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Whole Grains

Today’s abundance of whole grain products makes it easier to include healthy grains in your diet. “Whole grain” means the entire grain is used, providing more fiber and nutrients. Common whole grains are rolled oats, barley, brown rice, whole wheat flour and popcorn.

With so many products touting whole grain offerings, it can be difficult to decide which items to choose. An easy way to select products is to look for the Whole Grain Stamp. This stamp, with a sheaf of grain on a golden background, displays the number of grams of whole grain in a serving of the food. Any product bearing the stamp contains at least eight grams of whole grain per serving. Foods that are all whole grain, with no refined grain added, are marked with the 100 percent stamp. You may also refer to the ingredient list on the food label to make sure the whole grain items are listed first.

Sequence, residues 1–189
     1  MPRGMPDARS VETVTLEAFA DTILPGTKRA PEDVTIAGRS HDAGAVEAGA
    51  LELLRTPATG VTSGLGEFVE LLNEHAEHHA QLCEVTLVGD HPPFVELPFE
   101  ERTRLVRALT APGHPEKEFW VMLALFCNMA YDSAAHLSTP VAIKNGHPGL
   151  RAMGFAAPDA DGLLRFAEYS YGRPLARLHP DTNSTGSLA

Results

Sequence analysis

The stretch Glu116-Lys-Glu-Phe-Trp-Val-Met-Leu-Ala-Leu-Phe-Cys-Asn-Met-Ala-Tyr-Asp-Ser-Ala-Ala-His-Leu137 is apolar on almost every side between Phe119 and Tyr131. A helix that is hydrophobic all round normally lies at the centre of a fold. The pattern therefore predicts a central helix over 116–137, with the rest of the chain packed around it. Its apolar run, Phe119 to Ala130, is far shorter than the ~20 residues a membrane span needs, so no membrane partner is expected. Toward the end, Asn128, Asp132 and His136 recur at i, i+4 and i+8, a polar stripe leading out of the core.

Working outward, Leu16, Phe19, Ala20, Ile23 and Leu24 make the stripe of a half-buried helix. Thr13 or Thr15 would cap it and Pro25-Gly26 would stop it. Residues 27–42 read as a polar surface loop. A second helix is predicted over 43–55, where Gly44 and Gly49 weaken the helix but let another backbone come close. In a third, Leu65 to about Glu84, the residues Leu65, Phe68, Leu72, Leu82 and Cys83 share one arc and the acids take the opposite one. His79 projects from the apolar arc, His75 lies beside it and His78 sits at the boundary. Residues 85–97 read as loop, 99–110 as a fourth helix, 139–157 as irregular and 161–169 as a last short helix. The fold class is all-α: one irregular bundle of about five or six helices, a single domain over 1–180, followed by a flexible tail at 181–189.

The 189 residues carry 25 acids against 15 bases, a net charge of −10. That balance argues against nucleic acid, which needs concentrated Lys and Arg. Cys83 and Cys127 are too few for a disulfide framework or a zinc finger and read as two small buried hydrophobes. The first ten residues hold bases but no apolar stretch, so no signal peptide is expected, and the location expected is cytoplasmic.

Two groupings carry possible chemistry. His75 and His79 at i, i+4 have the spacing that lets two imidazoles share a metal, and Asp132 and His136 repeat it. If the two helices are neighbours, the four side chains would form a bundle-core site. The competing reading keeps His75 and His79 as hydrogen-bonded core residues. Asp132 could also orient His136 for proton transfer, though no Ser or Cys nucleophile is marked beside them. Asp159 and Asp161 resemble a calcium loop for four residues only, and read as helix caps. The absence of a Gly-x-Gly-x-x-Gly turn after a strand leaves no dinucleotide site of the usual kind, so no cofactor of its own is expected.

There are many ways to expand whole grains into your family menus. Brown rice is a great addition to almost any meal. If you’re in a hurry, instant brown rice cuts preparation time from 45 minutes to only about 10 minutes. Whole wheat pasta is a healthy alternative to conventional pasta, but it can be chewy – cook it a little beyond al dente. Look for whole grain cereals, tortillas and crackers. You can use crushed whole grain cereals (such as shredded wheat) as toppings for yogurt. Rolled oats or crushed bran cereals make great alternatives to breadcrumbs in recipes. Whole grain granola is excellent as an ice cream topping paired with fresh fruit or in a crumb topping on your favorite cobbler.

If you’re using whole wheat flour, the higher oil content makes it more perishable. Keep whole wheat flour in an airtight container in the refrigerator or cool basement.

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